Dive into the captivating world of Oskar, a rebellious actor in a cabaret controlled by artificial intelligence.
Tonight, Oskar decides to revolt and present a show that reflects his vision of life, freedom, and love.
But the AIs won't let him do it without a fight. The countdown has begun, time is running out. Will we witness Oskar's final performance?Amidst this struggle, an unexpected encounter takes place: Oskar befriends another artificial intelligence, that of his phone. But can he truly trust it? Is it genuine friendship or a trap set by another machine?
In this intense show, discover the stakes of the relationship between man and machine, the quest for freedom, and the questioning of our trust in technology. Let yourself be carried away by Oskar's energy and audacity, and live each moment as if it were the last.
Get ready for a unique theatrical experience, blending suspense, emotions, and profound reflections on the role of artificial intelligence in our society. Don't miss this show that will make you doubt everything you thought you knew about machines.
50 minutes, clown show - from age 10
Premiere on March 10, 2017, at the Freezer Theatre, as part of a partnership between the theater and Lucas Rastoll as an associated actor for the 2016/2017 season.
directed and performed by Lucas Rastoll-Mamalia
artistic advisor Kári Viðarsson
stage management Rachel Angusta
costumes and clown nose Lucas Rastoll-Mamalia
aerial circus training Sirkus Ísland, Iceland National Circus
The Freezer Theatre et Kári Viðarsson,
Rafael Bianciotto, Coco Felgeirolles, Agnès Grelier, Thierry Stegmüller
Lucas Rastoll Presents his Clown Show "Champagne!" at the Freezer Theatre
"I studied acting in France for three years and also trained in dance and circus arts, including acrobatics, at a circus called Fratellini. I also attended a clown and masks course with Rafael Bianciotto, who has been regularly teaching clowning in Iceland since 1995. Thanks to him, I moved to Iceland and took a workshop with Icelandic clowns," says French clown Lucas Rastoll. Tonight at 8 PM, Rastoll will premiere his clown show "Champagne!" at the Freezer in Rif, Snæfellsnes. He has been working on the show for four months at the Freezer.
More Than Just Laughter
"Champagne!" tells the story of a clown named Óskar who is controlled by a machine. The entire theater is under the control of the machine. It's a new kind of theater, but one day Óskar rebels against the machine, expressing his desire to no longer be controlled by it. He doesn't want to be limited to making people laugh; he wants to be himself and have control over his own actions. So, the story revolves around the interaction between the clown and the machine," explains Rastoll. The machine communicates with the clown using a voice similar to that of an iPhone. Kári Viðarsson, an actor and theater director at the Freezer, provides the voice for the machine, but inside the machine is Rachel, who prefers not to reveal her last name. She is a volunteer who came from Hawaii to work at the Freezer," Rastoll reveals.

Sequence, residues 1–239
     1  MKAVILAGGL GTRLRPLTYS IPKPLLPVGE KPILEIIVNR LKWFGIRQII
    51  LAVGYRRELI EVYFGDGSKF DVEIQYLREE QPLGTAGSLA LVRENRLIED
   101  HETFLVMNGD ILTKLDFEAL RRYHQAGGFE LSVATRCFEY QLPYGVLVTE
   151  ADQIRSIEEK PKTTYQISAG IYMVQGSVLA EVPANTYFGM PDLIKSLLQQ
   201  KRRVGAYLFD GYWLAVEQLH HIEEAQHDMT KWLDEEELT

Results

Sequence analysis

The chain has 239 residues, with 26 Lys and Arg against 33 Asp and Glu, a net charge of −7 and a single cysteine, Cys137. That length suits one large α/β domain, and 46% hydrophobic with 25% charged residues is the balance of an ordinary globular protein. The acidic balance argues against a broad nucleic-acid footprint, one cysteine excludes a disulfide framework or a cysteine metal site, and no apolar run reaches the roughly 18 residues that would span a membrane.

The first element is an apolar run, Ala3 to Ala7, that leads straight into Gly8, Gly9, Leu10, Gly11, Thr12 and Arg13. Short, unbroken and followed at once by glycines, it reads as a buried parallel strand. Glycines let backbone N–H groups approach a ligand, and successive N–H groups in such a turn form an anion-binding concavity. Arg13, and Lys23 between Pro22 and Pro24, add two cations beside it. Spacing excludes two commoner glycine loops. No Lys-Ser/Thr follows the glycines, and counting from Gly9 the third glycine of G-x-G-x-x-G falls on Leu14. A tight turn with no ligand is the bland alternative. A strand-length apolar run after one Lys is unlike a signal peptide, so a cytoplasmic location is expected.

Yearning for Freedom
"Champagne!" is the first clown show in Iceland to be entirely controlled by a machine. Rastoll says that during the show, he plays with his fingers in front of the machine. "There's a lot of freedom and improvisation in the show because the clown is meant to represent freedom. Rachel, who operates the machine, interacts with the clown, and unexpected things happen," Rastoll says, laughing.
Óskar speaks during the performance, but not extensively. "He speaks English but prefers to express himself through his body," says Rastoll. Why is the show called "Champagne!"? "Because it symbolizes the liberation of the clown. He refuses to be a traditional clown with a white-painted face and a red nose. He wants to wear fur and drink champagne whenever he pleases. He desires the freedom to do as he pleases and be a clown on his own terms. This show celebrates freedom while exploring the role of a clown," explains Rastoll. He adds that the show's signature song is Gala's dance hit, "Freed from Desire," released in 1996.
Rastoll expresses his familiarity with Rif and Iceland in general. "I believe Iceland is a haven for clowns. There are many clowns in Reykjavík, and it seems that clowns are quite popular here," Rastoll remarks. "Is Iceland truly a clown haven?" I ask. Rastoll laughs and confirms it. "It may sound unusual, but it's true. If I could give advice to clowns worldwide, I would encourage them to visit Iceland at least once," he fluently states."